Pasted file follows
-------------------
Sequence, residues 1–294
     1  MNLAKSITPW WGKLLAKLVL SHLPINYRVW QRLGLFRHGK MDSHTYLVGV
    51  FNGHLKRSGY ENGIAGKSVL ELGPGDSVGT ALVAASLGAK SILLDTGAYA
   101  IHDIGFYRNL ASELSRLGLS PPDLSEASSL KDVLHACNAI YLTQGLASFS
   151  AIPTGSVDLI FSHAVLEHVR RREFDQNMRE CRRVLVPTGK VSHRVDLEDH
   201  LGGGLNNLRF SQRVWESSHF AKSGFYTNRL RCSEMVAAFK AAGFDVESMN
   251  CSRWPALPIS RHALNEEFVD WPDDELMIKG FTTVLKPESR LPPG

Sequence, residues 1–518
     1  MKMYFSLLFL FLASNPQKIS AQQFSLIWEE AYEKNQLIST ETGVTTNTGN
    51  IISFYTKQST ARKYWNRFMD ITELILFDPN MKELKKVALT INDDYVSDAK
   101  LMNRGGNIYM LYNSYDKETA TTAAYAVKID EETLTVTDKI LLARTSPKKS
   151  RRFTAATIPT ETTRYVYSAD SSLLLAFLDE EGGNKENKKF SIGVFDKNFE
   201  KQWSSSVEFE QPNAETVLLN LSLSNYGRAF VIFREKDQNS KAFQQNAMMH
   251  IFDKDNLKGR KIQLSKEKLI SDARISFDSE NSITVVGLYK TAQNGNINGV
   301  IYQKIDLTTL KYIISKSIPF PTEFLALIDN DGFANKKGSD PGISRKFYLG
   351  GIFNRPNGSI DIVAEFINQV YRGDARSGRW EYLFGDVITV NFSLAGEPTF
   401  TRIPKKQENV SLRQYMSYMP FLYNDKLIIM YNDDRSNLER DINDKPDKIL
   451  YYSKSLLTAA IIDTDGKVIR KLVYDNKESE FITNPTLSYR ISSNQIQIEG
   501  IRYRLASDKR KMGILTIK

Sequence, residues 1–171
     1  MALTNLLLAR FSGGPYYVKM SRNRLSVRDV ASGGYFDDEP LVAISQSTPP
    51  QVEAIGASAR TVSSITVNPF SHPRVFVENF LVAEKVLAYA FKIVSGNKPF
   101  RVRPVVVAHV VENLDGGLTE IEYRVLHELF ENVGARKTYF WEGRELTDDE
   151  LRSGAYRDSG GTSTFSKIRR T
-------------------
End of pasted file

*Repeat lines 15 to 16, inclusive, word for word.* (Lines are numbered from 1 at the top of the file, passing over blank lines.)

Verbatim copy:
   301  IYQKIDLTTL KYIISKSIPF PTEFLALIDN DGFANKKGSD PGISRKFYLG
   351  GIFNRPNGSI DIVAEFINQV YRGDARSGRW EYLFGDVITV NFSLAGEPTF